FAO to establish Farmer Field Schools in Nigeria to boost agriculture
The FFS is an initiative of FAO that supports the most at-risk farming households.
The Food and Agriculture Organisation of the United Nations (FAO) has announced that it plans to establish 100 Farmer Field Schools (FFS) in Northeastern communities of Nigeria to boost agricultural production in the country this year.
The FFS is an initiative of FAO that supports the most at-risk farming households. It brings together farmers and herders or fisher-folk to learn sustainable production practices and understand complex agro-ecosystems and ecosystem services. It is usually an interactive and participatory ‘learning by doing’ approach involving 20-25 farmers, pastoralists or fisher-folk and a trained facilitator.
According to a statement released on Thursday, the United Nations body also said it needs about $18 million to meet the needs of agro-based households in the crisis-ridden North-East. FAO revealed that it has so far trained 51 agricultural experts in the region.
Following the training of 25 agricultural officers from government, agricultural agencies and non-governmental organisations as facilitators and the establishment of FFS community groups, the second of FFS facilitators graduated on August 18, 2018, in Maiduguri, Borno.
Additionally, 26 experts across the three Northeastern states of Adamawa, Borno and Yobe were trained between July and August, 2018.
The three-week-long intensive workshop equipped experts supporting conflict-affected farmers in the North-East with the skills to set up and run at least two FFS per facilitator.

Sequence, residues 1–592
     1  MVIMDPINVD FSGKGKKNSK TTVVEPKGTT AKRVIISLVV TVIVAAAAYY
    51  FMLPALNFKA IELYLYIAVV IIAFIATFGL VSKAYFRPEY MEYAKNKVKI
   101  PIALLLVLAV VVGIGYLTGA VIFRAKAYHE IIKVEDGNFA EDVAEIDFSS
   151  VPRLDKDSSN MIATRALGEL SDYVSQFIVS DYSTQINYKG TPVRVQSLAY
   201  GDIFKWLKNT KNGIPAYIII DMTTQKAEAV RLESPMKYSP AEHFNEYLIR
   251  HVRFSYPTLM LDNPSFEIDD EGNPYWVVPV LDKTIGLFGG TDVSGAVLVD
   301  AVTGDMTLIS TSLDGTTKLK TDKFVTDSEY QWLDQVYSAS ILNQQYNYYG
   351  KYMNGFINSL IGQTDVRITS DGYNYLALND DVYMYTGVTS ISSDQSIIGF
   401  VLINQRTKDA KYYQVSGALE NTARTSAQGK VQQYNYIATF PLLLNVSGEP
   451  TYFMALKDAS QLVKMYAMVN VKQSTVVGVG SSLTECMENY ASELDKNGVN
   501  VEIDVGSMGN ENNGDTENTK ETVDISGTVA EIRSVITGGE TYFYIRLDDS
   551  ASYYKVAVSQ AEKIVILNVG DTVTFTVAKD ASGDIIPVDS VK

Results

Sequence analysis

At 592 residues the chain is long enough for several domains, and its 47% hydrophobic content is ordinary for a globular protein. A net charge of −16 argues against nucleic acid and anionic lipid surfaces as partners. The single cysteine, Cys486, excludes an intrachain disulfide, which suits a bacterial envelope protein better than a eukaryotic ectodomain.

“FAO’s work in the North-East goes far beyond the provision of livelihood-saving agro-inputs like seeds and fertilisers,” said Suffyan Koroma, the representative of FAO in Nigeria. “We work closely with farmers to ensure that (the) inputs they receive are being properly utilised; that they are employing the most effective techniques in management of their crops and animals; and generally, ensuring farming households have the best conditions to boost their resilience.”
Koroma added that smallholder farmers face huge hurdles in managing increasingly complex agro-ecosystems. The statement also said that FAO has delivered seeds and fertilisers to about 100,000 households as of July.
However, access to land remains a key issue as numerous communities are restricted to only small parcels of land for production as traditional growing and grazing areas cannot be used due to lingering security risks. Hence, farmers rely on sharecropping – planting on land belonging to others in exchange for a portion of harvest – or rent less than one hectare of land for subsistence agriculture.
According to the Displacement Tracking Matrix released in June, about 1,549,630 people had returned to their original communities.
FAO also stated that returnees, host communities and internally displaced people require urgent support to resume their livelihood; 80 percent of which is estimated to be agriculture-based.
Some scientific reports have said genetically modified foods have negative health implications.
The use of pesticides and other chemical agents has dropped by between 50 and 90% over the past fifty years.
The types of crops foreign investors decide to grow often require more water than the traditionally grown crops.
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